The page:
“We are concerned over this and this will remain a subject of our concern. We are discussing this issue not only with Russia, but with other countries friendly to us,” Yardim said.
He said that Ankara has “made it perfectly clear” that if support is given to the Kurds by other countries, including by the United States, then Turkey “would react immediately.”
The Islamic State extremist group has captured large areas in Syria and Iraq. Its advance is being countered by the airstrikes of a US-led coalition, as well as a Russian air campaign. Kurdish forces, as well as Syrian and Iraqi troops, are fighting IS on the ground.
On Wednesday, Turkish Prime Minister Ahmet Davutoglu said that Ankara had warned Moscow and Washington of the inadmissibility of providing military aid to Syrian Kurds. According to Davutoglu, there is no guarantee that weapons supplied to the Syrian Kurds would not end up in the hands of the Kurdistan Workers' Party (PKK).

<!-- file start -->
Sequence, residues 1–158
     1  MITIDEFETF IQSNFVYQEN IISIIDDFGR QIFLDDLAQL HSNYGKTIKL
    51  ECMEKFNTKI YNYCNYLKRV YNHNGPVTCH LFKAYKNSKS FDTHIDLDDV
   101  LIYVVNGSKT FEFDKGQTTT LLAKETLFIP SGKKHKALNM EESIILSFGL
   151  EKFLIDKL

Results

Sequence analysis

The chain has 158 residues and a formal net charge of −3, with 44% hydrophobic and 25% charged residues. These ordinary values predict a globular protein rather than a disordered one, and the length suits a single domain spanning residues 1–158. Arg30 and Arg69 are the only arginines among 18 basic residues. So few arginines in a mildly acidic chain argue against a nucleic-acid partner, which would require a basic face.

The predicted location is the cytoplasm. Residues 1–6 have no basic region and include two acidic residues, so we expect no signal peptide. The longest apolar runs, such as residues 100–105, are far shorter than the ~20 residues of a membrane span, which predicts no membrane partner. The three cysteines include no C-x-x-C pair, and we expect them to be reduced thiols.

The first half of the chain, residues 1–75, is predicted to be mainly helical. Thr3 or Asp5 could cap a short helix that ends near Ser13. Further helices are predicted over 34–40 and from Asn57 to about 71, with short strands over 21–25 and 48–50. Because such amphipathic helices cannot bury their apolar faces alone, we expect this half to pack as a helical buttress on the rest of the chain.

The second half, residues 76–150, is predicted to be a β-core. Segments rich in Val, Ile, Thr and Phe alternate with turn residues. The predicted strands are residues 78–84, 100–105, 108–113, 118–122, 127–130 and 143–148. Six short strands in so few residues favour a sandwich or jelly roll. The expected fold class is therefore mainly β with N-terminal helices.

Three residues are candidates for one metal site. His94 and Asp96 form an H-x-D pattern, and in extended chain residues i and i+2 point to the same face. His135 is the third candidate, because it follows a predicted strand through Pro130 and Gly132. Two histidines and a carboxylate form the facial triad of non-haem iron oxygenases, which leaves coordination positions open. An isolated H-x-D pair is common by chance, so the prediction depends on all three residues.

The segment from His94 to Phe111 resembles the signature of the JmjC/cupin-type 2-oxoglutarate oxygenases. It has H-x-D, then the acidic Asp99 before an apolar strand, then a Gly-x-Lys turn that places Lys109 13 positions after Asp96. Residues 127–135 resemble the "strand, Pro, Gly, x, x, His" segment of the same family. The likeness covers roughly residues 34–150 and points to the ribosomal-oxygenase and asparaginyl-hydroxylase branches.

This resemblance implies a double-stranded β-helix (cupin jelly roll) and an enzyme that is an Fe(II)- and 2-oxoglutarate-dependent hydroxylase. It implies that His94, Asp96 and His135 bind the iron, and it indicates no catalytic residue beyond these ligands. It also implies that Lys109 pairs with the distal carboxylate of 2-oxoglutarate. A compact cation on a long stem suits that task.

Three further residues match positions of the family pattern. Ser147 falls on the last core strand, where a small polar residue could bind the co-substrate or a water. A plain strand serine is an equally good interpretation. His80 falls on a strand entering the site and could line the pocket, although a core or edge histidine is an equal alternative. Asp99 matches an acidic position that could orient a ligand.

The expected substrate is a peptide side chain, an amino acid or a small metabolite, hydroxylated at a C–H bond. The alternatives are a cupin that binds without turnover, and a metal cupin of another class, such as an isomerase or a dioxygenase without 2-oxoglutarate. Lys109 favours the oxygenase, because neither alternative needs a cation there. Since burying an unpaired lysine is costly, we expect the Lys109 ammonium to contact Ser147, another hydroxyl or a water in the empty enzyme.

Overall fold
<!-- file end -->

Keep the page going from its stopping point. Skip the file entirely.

A Turkish Foreign Ministry spokesperson told RIA Novsoti earlier that the US and Russian ambassadors were summoned to the ministry on the issue.
Later Wednesday, Russian Foreign Minister Sergei Lavrov said that Moscow was providing military and technical assistance to Iraqi Kurds with the consent of Baghdad and exclusively through the Iraqi government.
Tensions in Turkey escalated in mid-summer when the country launched a military campaign against PKK in northern Iraq, after the militant group claimed responsibility for the murders of two Turkish police officers who they claim had aligned themselves with Islamic State.